During the pre-season tournaments several clubs had a chance to implement the new rules, at least in part. Of course, there are fundamental changes from previous years. Even so, the overall picture is positive — everybody understands their responsibilities and is ready to work to the new requirements.

We also held a video conference with representatives of all the clubs, and a separate conversation with media representatives and TV broadcasters.

I think the main challenge in this situation is to ensure that we all work together without looking back to the past. If we all work together in a coherent manner under the new conditions, we will be able to complete a full season.

What’s the situation with Kunlun Red Star? Has the club resolved all the problems around its move?

The situation is being resolved. In the next few days, the club’s foreign players and staff will be able to get Russian visas. It’s true that the team will have to start the season from scratch, but all parties have done everything in their power to speed up the paperwork. I’d like to thank the Russian Ministry of Sport and the government staff who have helped us throughout the summer.

Arena Mytishchi has been inspected and preparations are underway to get it ready to stage games from mid-September.

And Kunlun Red Star has a professional coaching staff, the team will be able to compete in the KHL this season.

And what about imports? Are all the players with their clubs, or are there some who are unable to cross the border?

At the present time, almost all the foreign players and coaches contracted to Russian clubs in the KHL have joined up with their teams. There are few isolated cases left, and we are working these out one by one.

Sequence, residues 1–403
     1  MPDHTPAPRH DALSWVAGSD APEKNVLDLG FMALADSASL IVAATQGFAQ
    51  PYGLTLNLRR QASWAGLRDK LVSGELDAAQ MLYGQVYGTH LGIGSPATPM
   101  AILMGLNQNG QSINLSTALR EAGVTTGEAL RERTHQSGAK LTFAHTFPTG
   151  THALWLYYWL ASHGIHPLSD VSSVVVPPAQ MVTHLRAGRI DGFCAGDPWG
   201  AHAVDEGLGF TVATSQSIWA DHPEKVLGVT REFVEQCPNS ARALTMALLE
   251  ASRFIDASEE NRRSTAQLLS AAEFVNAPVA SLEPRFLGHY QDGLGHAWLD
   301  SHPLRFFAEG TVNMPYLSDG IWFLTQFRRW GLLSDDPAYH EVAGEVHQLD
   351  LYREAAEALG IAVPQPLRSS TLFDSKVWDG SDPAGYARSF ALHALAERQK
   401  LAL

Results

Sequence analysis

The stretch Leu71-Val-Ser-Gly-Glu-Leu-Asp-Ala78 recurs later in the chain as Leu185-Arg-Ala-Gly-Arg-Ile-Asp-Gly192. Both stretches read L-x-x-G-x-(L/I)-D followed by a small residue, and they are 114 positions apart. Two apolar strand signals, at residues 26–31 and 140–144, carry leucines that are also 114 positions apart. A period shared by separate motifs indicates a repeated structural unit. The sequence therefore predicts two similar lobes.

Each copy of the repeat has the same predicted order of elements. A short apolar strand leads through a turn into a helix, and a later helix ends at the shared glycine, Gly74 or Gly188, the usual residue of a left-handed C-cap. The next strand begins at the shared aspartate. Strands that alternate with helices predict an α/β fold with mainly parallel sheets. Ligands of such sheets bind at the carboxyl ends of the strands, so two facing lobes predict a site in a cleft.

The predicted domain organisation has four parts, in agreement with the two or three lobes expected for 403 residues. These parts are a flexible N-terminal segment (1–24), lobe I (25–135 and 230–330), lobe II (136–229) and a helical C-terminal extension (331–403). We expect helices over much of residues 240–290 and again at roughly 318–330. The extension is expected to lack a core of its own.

How have you ensured that teams can cross the border to compete in other countries? Will there be any problems association with this?

Let’s take it in order. First, on Aug. 26, Russian Prime Minister Mikhail Mishustin signed an order that abolishes restrictions for foreign coaches and athletes coming to Russia to compete in international competition. So, the question about how foreigners could come to Russia disappeared.

Another question remains: how can clubs leave Russia to play in other countries, or travel between other countries? Currently, there is an ongoing process of issuing invitations and multi-entry visas to players, coaches and staff of KHL teams, allowing them unhindered movement across the borders. For the time being, we’ll do it this way: a list of the members of each team and details of time and place of each border crossing will be shared with the relevant state authorities. We trialled this scheme in the summer, and there were no problems.